Although we observed OCT4 mRNA expression in 85 7% of lung cancer

Although we observed OCT4 mRNA expression in 85.7% of lung Aurora Kinase inhibitor cancer and 38.8% of non-cancer bronchoscopic biopsy specimens, but OCT4 protein was nearly absent in 50 cases of lung cancer tissues. The reason for this discrepancy is unclear,

but may be due to complex mechanism of post-transcriptional regulation, or potential presence of unknown OCT4 pseudogenes which cause false positive ITF2357 supplier detection by RT-PCR. Therefore, the diagnostic value of OCT4 mRNA in bronchoscopic biopsy specimens requires further investigation. In addition, we examined the correlation of seven stem cell markers expression in bronchoscopic biopsy specimens of lung cancer with patient clinical features. As we know, poorly differentiated cancers show stronger aggressive and metastatic ability [21]. We found the positive expression rates of Nanog and Bmi1 mRNA was inversely correlated to differentiation of lung cancer, indicating these two markers may be useful to predict tumor progression and poor prognosis in lung cancer. Chiou et al. [29] reported that Nanog expression in surgically resected lung cancer tissues

is an independent prognostic factors of poor prognosis for patients. Vrzalikova and colleagues [31] also believed that the expression of Bmi1 in surgically resected lung cancer tissues is a prognostic marker in lung cancer. However, surgical resection is not an option for all lung cancer patients, and therefore the use of these markers in bronchoscopic biopsies to predict prognosis would be a great clinical advantage. Conclusions In conclusion, C1GALT1 the expression of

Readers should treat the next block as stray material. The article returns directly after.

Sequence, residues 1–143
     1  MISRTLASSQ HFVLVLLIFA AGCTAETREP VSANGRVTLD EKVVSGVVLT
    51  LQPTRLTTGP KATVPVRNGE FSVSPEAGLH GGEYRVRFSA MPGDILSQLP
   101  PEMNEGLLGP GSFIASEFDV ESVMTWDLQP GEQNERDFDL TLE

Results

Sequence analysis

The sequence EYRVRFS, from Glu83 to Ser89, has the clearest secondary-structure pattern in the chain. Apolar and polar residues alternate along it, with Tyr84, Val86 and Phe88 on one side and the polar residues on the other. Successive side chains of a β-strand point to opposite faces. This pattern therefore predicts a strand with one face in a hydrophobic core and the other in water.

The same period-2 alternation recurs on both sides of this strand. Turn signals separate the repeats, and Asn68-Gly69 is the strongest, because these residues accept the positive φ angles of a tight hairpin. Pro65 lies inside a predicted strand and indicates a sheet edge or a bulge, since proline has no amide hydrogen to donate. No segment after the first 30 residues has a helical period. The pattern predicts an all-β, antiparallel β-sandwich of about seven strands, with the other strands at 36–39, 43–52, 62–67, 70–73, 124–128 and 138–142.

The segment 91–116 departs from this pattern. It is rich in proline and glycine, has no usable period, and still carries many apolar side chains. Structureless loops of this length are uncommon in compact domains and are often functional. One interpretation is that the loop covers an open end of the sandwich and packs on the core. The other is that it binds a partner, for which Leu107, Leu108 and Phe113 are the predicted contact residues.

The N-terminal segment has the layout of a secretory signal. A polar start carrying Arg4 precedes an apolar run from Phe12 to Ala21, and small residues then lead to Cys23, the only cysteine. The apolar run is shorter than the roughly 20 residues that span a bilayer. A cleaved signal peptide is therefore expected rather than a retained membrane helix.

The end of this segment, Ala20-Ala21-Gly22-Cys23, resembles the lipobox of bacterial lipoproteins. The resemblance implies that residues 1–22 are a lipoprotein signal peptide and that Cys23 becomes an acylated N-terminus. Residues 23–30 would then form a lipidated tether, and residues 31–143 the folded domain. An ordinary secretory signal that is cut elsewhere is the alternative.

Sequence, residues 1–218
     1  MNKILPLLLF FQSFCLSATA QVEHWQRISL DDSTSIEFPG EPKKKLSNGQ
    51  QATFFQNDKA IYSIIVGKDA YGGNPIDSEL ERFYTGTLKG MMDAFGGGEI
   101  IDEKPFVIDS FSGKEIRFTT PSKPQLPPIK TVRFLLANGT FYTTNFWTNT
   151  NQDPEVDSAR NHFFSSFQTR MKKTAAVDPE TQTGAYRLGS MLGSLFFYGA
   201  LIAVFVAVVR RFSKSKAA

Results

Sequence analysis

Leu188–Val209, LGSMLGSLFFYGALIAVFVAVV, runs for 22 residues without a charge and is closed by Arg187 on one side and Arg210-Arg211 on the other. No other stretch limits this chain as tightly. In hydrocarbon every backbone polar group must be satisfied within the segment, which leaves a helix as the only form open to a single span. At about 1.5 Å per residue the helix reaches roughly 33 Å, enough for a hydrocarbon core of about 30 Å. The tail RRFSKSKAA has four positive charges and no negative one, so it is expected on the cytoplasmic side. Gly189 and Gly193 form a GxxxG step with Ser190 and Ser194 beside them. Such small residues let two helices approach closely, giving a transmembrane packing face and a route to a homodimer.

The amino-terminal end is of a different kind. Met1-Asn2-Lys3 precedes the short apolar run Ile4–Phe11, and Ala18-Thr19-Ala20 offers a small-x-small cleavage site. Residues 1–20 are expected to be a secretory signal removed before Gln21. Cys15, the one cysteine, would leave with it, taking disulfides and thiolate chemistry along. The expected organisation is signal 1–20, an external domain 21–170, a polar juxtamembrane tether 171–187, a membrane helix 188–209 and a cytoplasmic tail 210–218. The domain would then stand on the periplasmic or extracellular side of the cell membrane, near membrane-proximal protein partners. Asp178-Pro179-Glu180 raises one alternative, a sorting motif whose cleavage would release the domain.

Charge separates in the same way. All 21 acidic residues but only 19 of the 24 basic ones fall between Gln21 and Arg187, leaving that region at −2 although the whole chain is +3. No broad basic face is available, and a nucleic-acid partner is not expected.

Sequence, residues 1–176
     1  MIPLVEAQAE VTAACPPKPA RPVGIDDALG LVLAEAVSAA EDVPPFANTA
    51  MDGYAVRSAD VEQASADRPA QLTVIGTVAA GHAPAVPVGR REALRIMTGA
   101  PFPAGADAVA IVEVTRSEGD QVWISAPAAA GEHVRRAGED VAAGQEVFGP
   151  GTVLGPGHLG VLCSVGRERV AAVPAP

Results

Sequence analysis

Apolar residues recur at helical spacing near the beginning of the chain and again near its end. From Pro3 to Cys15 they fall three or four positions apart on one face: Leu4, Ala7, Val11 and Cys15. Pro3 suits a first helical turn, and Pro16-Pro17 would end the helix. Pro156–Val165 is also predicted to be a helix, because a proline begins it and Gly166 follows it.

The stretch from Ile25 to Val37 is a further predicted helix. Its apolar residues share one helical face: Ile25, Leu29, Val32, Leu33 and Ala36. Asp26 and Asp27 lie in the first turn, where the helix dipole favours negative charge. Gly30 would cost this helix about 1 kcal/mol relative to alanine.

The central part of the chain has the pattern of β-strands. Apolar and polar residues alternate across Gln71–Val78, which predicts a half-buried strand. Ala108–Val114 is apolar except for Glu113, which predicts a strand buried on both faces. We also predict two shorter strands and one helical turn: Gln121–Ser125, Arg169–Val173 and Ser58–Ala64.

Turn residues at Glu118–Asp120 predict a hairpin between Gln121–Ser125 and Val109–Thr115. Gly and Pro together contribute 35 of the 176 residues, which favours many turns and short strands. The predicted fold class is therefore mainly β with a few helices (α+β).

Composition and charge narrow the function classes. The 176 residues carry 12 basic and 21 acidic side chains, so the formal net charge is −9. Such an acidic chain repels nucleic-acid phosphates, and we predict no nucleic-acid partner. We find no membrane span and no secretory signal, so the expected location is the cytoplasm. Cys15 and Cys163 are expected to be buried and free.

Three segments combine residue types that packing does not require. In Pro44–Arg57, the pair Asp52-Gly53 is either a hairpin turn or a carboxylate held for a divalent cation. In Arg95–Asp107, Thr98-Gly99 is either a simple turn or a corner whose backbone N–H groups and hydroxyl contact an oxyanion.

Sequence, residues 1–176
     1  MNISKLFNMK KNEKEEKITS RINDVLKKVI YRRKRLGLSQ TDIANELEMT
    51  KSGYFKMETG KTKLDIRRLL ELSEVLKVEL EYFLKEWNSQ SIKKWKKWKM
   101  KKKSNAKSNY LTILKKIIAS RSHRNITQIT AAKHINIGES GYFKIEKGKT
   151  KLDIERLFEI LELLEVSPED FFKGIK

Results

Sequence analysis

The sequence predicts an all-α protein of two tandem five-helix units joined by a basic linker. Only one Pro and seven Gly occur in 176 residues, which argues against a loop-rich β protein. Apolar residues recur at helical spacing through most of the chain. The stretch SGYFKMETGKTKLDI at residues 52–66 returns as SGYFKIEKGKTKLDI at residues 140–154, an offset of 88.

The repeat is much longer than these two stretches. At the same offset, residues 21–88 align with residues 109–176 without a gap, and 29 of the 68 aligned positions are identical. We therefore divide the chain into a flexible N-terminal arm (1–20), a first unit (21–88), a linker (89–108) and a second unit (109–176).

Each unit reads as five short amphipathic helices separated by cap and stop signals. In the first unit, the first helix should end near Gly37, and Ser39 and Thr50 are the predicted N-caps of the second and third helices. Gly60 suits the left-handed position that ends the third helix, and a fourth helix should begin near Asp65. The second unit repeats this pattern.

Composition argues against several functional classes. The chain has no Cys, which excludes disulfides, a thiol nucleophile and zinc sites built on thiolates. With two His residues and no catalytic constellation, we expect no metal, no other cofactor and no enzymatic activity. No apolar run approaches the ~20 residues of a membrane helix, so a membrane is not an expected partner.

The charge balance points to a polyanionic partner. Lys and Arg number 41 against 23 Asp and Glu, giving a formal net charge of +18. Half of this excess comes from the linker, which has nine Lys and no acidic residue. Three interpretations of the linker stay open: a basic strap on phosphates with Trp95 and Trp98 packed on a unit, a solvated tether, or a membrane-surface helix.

Nanog mRNA in bronchoscopic biopsy specimens is useful diagnostic marker for lung cancer. Further investigation of the diagnostic potential of Nanog in early stages of lung cancer may have a profound clinical impact. Acknowledgements This work was supported by the Key Research Project Grant of Guangxi Health Department (#2012003). We thank NIH Fellows Editorial Board for editing the manuscript. References 1. Jemal A, Bray F, Center MM, Ferlay J, Ward E, Forman D: Global cancer statistics. CA Cancer J Clin 2011, 61:69–90.PubMedCrossRef 2. Siegel R, Naishadham D, Jemal A: Cancer statistics, 2012. CA Cancer J Clin 2012, 62:10–29.PubMedCrossRef 3. Reya T, Morrison SJ, Clarke MF, Weissman IL: Stem cells, cancer, and cancer stem cells. Nature 2001, 414:105–111.PubMedCrossRef 4. Visvader JE, Lindeman GJ: Cancer stem cells in solid tumours:accumulating evidence and unresolved questions. Nat Rev Cancer 2008, 8:755–768.PubMedCrossRef 5. Hassan KA, Chen G, Kalemkerian GP, Wicha MS, Beer DG: An embryonic stem cell-like signature identifies poorly differentiated lung adenocarcinoma but not squamous cell carcinoma. Clin Cancer Res 2009, 15:6386–6390.PubMedCrossRef 6. Nguyen GH, Murph MM, Chang JY: Cancer stem cell radioresistance and enrichment: where frontline radiation therapy May fail in lung and esophageal cancers. Cancers 2011, 3:1232–1252.PubMedCrossRef 7.

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